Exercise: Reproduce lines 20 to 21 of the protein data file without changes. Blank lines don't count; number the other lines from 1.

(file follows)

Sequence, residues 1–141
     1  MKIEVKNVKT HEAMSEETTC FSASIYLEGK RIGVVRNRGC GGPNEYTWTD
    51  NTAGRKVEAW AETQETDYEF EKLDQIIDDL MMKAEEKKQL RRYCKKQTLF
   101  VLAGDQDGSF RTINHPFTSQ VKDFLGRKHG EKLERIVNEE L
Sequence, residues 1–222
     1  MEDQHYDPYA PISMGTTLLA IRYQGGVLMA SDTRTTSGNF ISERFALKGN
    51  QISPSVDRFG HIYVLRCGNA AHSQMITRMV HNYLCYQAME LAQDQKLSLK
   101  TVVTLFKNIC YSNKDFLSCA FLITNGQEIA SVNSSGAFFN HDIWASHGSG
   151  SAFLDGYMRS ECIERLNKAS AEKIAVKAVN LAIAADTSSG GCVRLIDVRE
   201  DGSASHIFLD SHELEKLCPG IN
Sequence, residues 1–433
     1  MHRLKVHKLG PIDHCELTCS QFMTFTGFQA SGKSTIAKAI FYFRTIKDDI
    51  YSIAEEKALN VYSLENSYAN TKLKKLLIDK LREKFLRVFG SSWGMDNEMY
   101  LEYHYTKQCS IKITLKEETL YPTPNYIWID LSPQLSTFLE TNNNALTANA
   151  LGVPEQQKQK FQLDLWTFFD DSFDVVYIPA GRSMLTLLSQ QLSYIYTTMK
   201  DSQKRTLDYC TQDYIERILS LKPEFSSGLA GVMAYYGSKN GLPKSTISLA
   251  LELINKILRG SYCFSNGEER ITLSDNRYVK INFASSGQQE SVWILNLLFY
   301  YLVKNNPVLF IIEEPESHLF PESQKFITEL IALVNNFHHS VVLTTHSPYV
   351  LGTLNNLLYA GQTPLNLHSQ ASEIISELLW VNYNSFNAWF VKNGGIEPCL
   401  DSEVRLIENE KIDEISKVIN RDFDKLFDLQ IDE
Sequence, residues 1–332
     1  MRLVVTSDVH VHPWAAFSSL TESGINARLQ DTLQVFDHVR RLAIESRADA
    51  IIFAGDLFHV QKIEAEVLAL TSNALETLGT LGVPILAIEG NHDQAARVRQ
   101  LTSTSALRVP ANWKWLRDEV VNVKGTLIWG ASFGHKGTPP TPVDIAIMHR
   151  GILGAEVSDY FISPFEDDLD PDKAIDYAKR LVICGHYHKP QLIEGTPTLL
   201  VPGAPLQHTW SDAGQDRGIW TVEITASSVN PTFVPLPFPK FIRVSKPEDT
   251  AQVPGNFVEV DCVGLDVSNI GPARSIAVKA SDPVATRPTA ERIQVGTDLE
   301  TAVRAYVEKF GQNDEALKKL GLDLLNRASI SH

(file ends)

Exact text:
   401  DSEVRLIENE KIDEISKVIN RDFDKLFDLQ IDE
Sequence, residues 1–332